“What’s that one, momma?” said the child in her pajamas as she pointed to the chilled box. The agitated flies quietly flew around the drab store. The mother turned to look at her daughter.
“That’s chocolate, sweetie.”
“Yes, the nice one you have on special occasions. Do you want?”
She hummed as she shifted to see another glistening container. The mother followed her gaze.
“That’s vanilla. It’s the one you eat at home all the time—you know, after you finish your veggies.”
“I have that a lot.”
“Do you like it?”
“It’s nice. What’s the pink, momma?” she said, pointing to a third container.
“The berry one?”
“The red fruit, right?”
“Daddy’s favorite, right?”
The child’s face was pressed against the box, her round eyes flitting across the range of available flavors, and when she stepped back, her cheeks left foggy imprints on the glass. She rubbed her forehead with her stubby fingers to block the sweat sliding down her nose and to shoo away a fly crawling over her hair. It tickled her. Even with the conditioning in the store cranked up to the highest setting, the air was sweltering. She licked her lips.
“Are you thirsty, sweetie?”
“Do you want vanilla?”
“What about strawberry?”
“You only want chocolate?”
“So, you’re sure about chocolate?”
“Pleases,” the child said, bobbing up and down on the balls of her feet. The mother smiled.
“One chocolate and…one vanilla with strawberry too. She’ll have a small, I’ll have the large,” she told the server. He drew a sharp spoon from behind the register and the child watched as he effortlessly scooped the brown and pink and whitish globs out of their brimming containers, leaving three wet holes in the perspiring frozen yogurt. The server gave the two cups to the mother, who gave the smaller one to her daughter. As the mother reached for her credit card, she instead chose to pay with cash. While she counted the crumpled bills, her child strolled outside to eat in the little shade provided by the strip mall.
The mother eventually came outside to sit by her daughter on the warm bench. The parking lot in front of them was vacant save for a sedan, which was still equipped with New Mexican license plates that said, "Land of Enchantment," now almost illegible with rust.
“Do you like your chocolate, sweetie?” said the mother.
She nodded vigorously, smirking with chocolate-smeared lips.
“Sweetie, please don’t eat so messily.”
The mother pulled a napkin out of her purse and wiped the spare chocolate off her daughter’s face. Her own yogurt was beginning to melt, the vanilla and strawberry pooling into a bright pink confection. She didn’t notice. She was looking at her daughter, who slurped her own desert with childish gusto.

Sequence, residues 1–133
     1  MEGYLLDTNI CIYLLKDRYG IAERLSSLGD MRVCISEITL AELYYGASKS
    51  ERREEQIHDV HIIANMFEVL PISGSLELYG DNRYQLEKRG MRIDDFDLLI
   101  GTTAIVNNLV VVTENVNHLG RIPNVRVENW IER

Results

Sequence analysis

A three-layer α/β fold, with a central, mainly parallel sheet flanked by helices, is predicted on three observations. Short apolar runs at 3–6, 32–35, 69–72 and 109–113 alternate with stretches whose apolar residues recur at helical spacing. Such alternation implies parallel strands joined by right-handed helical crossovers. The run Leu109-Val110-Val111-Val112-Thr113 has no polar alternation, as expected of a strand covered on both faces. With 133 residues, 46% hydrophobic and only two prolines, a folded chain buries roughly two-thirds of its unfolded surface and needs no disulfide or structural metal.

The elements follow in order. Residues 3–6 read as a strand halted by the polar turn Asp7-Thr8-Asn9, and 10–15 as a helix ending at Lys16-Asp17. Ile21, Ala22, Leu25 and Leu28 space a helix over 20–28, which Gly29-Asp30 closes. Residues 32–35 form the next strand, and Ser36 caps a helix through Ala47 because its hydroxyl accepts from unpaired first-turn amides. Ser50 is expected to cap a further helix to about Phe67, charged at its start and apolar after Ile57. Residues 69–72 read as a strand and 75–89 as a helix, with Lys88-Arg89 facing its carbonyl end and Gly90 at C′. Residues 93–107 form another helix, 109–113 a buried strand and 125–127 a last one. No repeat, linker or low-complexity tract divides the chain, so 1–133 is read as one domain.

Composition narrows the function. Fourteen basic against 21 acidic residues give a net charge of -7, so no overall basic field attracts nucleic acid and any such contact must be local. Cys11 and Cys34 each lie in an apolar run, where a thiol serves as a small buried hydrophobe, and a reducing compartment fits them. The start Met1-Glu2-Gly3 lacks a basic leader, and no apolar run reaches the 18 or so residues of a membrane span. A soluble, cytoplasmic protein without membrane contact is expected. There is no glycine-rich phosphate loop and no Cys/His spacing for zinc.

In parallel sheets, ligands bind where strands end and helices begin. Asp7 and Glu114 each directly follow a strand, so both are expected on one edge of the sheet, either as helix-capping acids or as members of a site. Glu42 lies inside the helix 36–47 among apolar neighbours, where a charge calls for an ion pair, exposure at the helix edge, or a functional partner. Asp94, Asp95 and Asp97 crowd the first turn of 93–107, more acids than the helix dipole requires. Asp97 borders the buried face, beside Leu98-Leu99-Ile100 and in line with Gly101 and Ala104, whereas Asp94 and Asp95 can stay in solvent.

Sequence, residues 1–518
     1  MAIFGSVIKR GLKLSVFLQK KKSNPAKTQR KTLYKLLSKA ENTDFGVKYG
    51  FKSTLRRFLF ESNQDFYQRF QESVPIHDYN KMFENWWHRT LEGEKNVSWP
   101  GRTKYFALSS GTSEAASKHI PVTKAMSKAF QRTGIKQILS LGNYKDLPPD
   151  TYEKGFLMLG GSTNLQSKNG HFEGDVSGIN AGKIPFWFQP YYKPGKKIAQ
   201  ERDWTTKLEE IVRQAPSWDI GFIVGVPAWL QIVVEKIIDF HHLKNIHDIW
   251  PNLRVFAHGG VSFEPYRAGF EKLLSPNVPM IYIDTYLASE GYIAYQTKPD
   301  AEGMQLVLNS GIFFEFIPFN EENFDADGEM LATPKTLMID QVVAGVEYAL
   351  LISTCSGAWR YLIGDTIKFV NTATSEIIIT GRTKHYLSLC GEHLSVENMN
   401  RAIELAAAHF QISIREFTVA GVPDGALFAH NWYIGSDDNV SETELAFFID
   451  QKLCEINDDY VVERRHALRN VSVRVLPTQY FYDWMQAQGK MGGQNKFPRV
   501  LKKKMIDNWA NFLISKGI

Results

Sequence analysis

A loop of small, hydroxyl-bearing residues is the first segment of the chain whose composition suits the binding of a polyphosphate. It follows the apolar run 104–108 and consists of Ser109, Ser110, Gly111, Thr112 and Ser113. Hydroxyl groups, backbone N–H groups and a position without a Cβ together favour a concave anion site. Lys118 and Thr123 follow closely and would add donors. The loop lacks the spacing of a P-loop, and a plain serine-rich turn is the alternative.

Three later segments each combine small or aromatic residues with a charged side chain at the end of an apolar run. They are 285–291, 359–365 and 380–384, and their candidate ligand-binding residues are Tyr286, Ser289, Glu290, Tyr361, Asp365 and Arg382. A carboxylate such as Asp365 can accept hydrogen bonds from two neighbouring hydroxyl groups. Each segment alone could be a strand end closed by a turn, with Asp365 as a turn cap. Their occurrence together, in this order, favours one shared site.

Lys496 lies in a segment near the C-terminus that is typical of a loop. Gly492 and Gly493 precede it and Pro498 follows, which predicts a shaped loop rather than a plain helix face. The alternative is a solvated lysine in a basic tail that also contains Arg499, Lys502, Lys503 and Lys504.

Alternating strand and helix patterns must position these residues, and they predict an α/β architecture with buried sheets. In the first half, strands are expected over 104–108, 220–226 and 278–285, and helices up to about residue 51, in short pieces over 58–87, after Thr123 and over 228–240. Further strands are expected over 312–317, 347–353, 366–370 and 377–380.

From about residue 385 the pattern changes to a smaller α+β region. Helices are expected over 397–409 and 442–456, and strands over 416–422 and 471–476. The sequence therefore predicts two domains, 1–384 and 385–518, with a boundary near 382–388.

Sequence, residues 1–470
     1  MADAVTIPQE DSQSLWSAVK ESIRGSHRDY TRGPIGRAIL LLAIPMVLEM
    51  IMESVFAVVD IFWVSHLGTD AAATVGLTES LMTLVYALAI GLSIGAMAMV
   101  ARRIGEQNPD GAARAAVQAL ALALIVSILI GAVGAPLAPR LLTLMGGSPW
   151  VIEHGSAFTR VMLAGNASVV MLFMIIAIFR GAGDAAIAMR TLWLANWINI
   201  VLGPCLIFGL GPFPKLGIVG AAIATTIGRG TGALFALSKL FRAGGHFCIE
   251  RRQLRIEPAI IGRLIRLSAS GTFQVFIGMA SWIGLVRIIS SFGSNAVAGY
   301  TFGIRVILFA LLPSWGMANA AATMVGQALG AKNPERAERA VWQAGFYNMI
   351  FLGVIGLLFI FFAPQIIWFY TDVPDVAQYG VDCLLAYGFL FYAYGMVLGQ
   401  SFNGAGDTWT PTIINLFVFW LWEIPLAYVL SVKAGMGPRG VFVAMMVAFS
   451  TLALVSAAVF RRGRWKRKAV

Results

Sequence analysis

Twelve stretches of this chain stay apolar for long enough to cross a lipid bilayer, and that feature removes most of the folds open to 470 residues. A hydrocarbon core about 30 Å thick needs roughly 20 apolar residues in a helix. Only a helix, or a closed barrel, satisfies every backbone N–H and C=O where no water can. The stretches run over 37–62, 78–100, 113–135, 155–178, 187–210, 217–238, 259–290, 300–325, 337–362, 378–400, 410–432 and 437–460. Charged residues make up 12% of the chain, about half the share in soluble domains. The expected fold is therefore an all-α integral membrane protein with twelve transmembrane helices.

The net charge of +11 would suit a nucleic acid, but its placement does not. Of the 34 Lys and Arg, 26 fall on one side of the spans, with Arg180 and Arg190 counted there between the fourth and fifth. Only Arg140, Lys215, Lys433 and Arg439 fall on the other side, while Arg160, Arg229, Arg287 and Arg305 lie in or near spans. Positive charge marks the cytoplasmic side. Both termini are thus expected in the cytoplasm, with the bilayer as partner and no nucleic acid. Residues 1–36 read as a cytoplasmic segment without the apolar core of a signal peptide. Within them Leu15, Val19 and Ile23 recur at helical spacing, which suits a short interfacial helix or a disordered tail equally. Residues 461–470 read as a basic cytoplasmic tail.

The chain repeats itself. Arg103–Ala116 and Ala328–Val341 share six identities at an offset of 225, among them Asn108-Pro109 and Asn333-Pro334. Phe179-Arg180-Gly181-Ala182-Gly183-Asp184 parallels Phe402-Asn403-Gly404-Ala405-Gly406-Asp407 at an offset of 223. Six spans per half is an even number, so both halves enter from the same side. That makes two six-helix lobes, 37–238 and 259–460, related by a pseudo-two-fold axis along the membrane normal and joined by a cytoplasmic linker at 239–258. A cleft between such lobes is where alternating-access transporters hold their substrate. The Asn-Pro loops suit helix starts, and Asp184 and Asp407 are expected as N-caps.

“Where are we going, momma?”
“We’re going on a trip, honey.”
“It’ll be fun, like an adventure. We can use it, you and I.”
“He’s un-coming, I’m afraid.”
“Why is he?”
“He’s not, he’s busy.” She gently tried to press a fly near her eye, dragging her fingers to catch its would-be corpse and flick it away.
“How much do you like your chocolate?”
She bared her wobbly teeth as she yawned. The mother wiped some more chocolate off her nose and chin with her hand. It also smelt of dust and Johnson’s face cream.
“I miss daddy.”
“I do too.”
“Will we have more ice-cream?”
“It’s not….Yes, we will, I’m sure,” she said.
The two sat on the bench and together watched the road in the distance. The mother decided to go back inside.
She walked to the counter and politely asked the server for another drag before she and her daughter left. He gave her the remains of a crumbling cigarette they had lit up. She sucked the smoke deep into her lungs before exhaling.
“It’s okay, you don’t need to ask. It was good.”
She was secretly relieved he understood. He was the only person she had met who was willing to understand.
“You…going to be okay, here?”
“It’ll be…less action packed, I guess.”
“You’re not the first.”
“I’m not the first?”
The server turned around and put his apron on. She noticed it had been hanging there the whole time since he took it off. It felt forever since he took it off for her.
“I won’t ask.”
She was at the door when the sever said, “Do you want to take some?” He was holding a handful of Marlboros. “For the road?”
Her daughter was stretching her tiny tongue to lick the last remaining drops of chocolate in her cup when she arrived.
“All gone, momma!”
“Did you like it?”
“Yes, yes, yes, yes.”
“I’m glad you liked it,” she said, taking the trash from her daughter.
“And what’s yours, momma?”
“What about mine, honey?”
“Did you like it?”
“Oh, yeah…of course, I did,” the mother replied, striding over to the waste bin and throwing her untouched, liquid froyo to the bottom. Inside the server was fixing his belt and wiping his zipper.
“C’mon, sweetie. Now hold my hand. We need to cross.”
The child waddled up to her mother’s leg and held her mother’s hand as they both stepped into the high heat and walked to their parked car in the middle of the lot. Behind them, a swarm of flies had begun to nibble the leftovers, scurrying over the large and small paper cups.
Written by Abhinav Tiku
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